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Civil War Series

The Campaign for Atlanta

   

HOOD FIGHTS FOR ATLANTA

In all likelihood he was relieved at being relieved; should Atlanta fall, not he but would be blamed and his cherished military reputation would be preserved.

Johnston and Hood received their respective telegrams on the night of July 17. Early in the morning Hood went to Johnston's headquarters. There he joined with Hardee and Stewart, who now with the rank of lieutenant general headed Polk's Corps, in sending a telegram to Davis asking him to retain Johnston in command until a battle deciding the fate of Atlanta was fought. Davis refused. To suspend the order relieving Johnston, he telegraphed back, would make "the case worse than it was before the order was issued." Hood thereupon formally assumed command and Johnston went to Atlanta from whence, the following day, he and his wife took a train to Macon. In all likelihood he was relieved at being relieved: should Atlanta fall, not he but Hood would be blamed and his cherished military reputation would be preserved.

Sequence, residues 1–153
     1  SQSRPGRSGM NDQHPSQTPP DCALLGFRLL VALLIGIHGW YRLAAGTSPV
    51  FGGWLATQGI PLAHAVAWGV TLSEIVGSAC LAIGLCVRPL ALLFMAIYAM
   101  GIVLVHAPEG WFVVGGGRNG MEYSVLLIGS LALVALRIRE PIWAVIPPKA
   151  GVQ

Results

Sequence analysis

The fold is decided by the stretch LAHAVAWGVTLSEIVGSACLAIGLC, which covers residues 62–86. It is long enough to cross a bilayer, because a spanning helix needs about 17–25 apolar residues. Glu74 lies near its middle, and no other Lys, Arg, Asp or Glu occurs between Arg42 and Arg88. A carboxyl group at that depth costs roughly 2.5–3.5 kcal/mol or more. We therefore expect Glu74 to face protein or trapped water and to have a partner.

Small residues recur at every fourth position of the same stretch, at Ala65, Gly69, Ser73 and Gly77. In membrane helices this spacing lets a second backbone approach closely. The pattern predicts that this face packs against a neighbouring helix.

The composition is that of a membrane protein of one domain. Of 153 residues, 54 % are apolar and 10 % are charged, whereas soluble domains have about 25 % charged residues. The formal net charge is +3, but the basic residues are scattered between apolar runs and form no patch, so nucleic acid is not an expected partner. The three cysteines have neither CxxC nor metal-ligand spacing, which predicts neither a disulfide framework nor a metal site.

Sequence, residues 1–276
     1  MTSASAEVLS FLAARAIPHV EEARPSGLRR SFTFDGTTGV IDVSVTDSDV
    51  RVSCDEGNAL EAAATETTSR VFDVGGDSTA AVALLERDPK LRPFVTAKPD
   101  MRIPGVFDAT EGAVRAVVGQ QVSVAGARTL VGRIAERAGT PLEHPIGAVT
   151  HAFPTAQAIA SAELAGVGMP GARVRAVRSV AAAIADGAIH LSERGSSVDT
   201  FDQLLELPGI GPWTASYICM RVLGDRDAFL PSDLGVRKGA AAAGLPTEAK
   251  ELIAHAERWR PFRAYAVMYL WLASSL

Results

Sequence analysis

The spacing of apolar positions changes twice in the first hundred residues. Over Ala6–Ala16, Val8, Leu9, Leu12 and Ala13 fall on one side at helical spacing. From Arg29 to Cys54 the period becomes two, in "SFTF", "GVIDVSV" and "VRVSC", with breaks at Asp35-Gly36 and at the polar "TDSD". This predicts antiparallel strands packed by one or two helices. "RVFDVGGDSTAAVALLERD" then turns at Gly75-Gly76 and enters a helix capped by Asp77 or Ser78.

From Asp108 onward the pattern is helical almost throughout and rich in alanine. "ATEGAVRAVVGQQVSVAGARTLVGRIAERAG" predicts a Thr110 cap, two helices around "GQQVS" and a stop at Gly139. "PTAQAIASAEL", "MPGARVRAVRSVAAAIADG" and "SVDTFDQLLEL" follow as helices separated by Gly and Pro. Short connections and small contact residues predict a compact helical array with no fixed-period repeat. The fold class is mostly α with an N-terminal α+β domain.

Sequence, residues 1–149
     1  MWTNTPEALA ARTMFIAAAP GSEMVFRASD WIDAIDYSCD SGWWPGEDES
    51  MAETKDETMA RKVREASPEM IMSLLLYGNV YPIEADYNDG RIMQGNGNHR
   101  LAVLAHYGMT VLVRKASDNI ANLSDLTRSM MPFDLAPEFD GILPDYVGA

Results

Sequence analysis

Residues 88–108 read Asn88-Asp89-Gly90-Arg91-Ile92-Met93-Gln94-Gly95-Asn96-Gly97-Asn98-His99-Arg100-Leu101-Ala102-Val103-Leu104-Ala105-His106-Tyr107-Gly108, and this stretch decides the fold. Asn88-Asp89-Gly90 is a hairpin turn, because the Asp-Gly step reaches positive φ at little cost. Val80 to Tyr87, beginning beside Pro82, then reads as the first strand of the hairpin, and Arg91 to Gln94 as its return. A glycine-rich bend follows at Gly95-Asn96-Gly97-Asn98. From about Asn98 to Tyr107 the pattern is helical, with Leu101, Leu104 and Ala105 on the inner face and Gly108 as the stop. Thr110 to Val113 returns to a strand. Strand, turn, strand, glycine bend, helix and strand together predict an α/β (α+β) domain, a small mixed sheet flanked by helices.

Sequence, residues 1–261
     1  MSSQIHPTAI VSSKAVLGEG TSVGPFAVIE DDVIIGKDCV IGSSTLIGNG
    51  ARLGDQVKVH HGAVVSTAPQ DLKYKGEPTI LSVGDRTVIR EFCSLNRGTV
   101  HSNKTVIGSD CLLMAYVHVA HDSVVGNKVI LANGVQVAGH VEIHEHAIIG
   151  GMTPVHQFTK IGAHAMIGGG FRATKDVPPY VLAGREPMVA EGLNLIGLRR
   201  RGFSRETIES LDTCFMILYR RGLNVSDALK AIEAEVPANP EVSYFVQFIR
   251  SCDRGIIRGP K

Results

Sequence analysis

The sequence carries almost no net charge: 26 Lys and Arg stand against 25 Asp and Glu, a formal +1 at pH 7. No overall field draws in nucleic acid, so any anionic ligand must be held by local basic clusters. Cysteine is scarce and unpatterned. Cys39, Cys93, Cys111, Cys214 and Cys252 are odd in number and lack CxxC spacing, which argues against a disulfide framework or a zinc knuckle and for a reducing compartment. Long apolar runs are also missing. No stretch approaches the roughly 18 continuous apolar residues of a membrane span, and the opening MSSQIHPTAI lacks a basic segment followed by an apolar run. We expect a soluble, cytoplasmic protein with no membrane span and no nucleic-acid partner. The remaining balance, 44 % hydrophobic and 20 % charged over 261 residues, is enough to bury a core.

LIEUTENANT GENERAL JOHN B. HOOD (USAMHI)

In his July 15 report to Davis, Bragg had also asserted that naming Hood to command would give "unlimited satisfaction." This too was a lie. Reaction in the Army of Tennessee to Johnston being superseded by Hood was generally, although not universally, negative. Like his good friend George B. McClellan, Johnston had a knack for making himself popular with the rank and file. On the other hand, Hood's well-known penchant for the offensive filled many veterans with apprehension. Last, but not least, Hardee bitterly resented not obtaining the command himself and having to serve under a man who was his junior in rank as well as years.

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